Quantum network nodes with hot atoms

Communication networks need nodes at which information is processed or redirected. Physicists at the University of Basel have now developed a network node for quantum communication networks that can store single photons in a steam cell and transmit them later.

In quantum communication networks, information is transmitted by single particles of light (photons). At the nodes of such a network, buffer elements are needed to temporarily store, then retransmit later, the quantum information contained in the photons.

Researchers at the University of Basel from the group of Professor Philipp Treutlein have now developed a quantum memory based on atomic gas inside a glass cell. The atoms do not need to be specially cooled, which makes the memory easy to produce and versatile, even for satellite applications. In addition, the researchers made a single photon source that allowed them to test the quality and storage time of quantum memory. Their results were recently published in the scientific journal Quantum PRX.

Hot atoms in steam cells

“The relevance of hot atoms in steam cells for quantum memories has been studied over the past twenty years,” says Gianni Buser, who worked on the experiment as a PhD student. “Generally, however, attenuated laser beams – and therefore conventional light – were used.” In classical light, the number of photons striking the vapor cell during a certain period follows a statistical distribution; on average it is one photon, but sometimes there may be two, three or none.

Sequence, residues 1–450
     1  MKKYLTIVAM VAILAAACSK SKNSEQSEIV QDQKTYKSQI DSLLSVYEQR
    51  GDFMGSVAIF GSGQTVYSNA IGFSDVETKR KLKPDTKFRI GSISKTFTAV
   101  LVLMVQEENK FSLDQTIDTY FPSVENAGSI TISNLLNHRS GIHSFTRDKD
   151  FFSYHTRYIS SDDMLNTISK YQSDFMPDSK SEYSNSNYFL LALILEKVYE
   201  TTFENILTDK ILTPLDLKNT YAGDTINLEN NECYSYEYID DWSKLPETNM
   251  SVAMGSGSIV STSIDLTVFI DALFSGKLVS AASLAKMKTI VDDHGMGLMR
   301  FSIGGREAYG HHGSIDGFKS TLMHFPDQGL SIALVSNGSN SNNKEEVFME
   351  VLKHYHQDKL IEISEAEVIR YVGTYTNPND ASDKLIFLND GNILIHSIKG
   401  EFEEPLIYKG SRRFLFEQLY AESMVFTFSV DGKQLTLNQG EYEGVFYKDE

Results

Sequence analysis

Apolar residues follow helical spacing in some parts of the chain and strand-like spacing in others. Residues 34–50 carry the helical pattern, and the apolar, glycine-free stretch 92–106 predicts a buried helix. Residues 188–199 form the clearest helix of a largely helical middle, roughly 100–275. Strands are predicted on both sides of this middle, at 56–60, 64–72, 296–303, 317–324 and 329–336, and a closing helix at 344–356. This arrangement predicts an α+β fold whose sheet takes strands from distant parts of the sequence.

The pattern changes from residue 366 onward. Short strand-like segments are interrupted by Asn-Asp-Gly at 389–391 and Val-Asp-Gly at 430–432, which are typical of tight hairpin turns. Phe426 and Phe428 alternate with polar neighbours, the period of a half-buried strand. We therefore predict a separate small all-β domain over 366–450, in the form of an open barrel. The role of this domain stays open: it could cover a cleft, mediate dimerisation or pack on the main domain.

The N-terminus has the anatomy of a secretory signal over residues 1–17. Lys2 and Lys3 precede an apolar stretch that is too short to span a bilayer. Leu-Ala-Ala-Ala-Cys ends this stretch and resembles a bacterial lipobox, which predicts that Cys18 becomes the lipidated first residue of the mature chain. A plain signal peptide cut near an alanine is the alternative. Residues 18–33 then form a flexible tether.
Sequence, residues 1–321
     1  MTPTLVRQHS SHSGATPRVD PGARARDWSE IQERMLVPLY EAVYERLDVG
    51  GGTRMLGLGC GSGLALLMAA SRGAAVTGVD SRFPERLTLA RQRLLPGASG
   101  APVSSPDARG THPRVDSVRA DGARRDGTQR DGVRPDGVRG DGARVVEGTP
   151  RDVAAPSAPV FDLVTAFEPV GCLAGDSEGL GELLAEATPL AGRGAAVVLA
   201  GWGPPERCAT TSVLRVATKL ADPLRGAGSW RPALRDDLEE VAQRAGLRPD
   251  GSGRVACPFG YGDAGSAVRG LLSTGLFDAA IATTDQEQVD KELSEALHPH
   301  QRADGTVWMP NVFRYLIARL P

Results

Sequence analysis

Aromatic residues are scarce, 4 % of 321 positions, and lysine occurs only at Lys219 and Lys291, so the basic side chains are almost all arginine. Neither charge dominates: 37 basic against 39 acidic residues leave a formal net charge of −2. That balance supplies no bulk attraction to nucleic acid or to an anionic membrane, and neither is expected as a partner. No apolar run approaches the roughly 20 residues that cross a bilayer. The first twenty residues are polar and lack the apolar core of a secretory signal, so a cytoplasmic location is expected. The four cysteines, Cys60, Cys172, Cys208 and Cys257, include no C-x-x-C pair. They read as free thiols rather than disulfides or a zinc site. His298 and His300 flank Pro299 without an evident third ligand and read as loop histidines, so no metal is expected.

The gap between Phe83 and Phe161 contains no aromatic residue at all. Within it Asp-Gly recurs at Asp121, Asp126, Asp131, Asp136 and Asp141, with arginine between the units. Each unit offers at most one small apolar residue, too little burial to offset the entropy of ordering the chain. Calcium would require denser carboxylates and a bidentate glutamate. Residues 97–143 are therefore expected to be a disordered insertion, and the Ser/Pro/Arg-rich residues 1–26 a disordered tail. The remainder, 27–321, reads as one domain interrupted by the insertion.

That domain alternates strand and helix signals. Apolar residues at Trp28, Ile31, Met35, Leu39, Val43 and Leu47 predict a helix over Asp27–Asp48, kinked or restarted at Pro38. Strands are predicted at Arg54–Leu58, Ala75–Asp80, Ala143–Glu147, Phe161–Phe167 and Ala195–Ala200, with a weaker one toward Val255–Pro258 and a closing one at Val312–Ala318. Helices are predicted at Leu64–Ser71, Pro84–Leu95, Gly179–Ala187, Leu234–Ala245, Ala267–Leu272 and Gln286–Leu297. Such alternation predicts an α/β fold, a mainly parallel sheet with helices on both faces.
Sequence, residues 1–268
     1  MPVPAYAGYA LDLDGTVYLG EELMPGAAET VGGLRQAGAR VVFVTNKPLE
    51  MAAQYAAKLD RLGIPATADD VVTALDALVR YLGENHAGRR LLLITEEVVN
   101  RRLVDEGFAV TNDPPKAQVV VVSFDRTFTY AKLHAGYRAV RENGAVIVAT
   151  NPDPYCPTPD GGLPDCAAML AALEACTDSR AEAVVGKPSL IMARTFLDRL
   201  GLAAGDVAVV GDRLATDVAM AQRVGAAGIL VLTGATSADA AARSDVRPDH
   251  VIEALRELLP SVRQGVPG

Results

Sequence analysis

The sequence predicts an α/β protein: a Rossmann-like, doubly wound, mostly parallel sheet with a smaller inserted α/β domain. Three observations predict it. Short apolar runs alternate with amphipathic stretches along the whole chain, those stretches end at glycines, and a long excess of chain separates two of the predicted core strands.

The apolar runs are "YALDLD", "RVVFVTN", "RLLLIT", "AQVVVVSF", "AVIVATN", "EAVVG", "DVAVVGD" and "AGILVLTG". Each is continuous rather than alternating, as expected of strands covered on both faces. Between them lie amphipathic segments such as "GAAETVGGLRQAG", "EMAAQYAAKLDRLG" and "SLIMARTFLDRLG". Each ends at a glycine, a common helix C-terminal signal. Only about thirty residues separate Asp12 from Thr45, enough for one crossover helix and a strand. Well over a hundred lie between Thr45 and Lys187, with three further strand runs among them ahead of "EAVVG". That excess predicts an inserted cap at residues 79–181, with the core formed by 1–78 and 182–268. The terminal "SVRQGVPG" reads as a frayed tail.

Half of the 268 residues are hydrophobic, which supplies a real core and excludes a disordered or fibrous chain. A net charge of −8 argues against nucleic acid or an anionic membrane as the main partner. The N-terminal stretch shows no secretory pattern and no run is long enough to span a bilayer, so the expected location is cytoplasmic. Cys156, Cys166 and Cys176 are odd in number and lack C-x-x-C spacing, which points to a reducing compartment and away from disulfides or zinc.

To test quantum memory with “quantum light” – meaning always precisely one photon – Treutlein and his colleagues developed a dedicated single-photon source that emits exactly one photon at a time. The moment this happens is announced by a second photon, which is always emitted simultaneously with the first. This allows quantum memory to be activated at the right time.

The single photon is then directed into quantum memory where, using a control laser beam, the photon causes more than a billion rubidium atoms to enter a state known as a superposition of two energy levels. possible atoms. The photon itself disappears in the process, but the information it contains is transformed into the superimposed state of the atoms. A short pulse from the control laser can then read this information after a certain storage time and transform it back into a photon.

Reading noise reduction

“So far, a critical point has been noise – the extra light that is produced during reading that can compromise the quality of the photon,” says Roberto Mottola, another PhD student in Treutlein’s lab. Using a few tricks, the physicists managed to reduce this noise enough so that after storage times of several hundred nanoseconds, the quality of the single photon is still high.

“These storage times are not very long, and we haven’t really optimized them for this study,” says Treutlein, “but they are already more than a hundred times longer than the duration of the stored single-photon pulse. ” This means that the quantum memory developed by the Basel researchers can already be used for interesting applications. For example, it can synchronize randomly produced single photons, which can then be used in various quantum information applications.

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Material provided by University of Basel. Note: Content may be edited for style and length.

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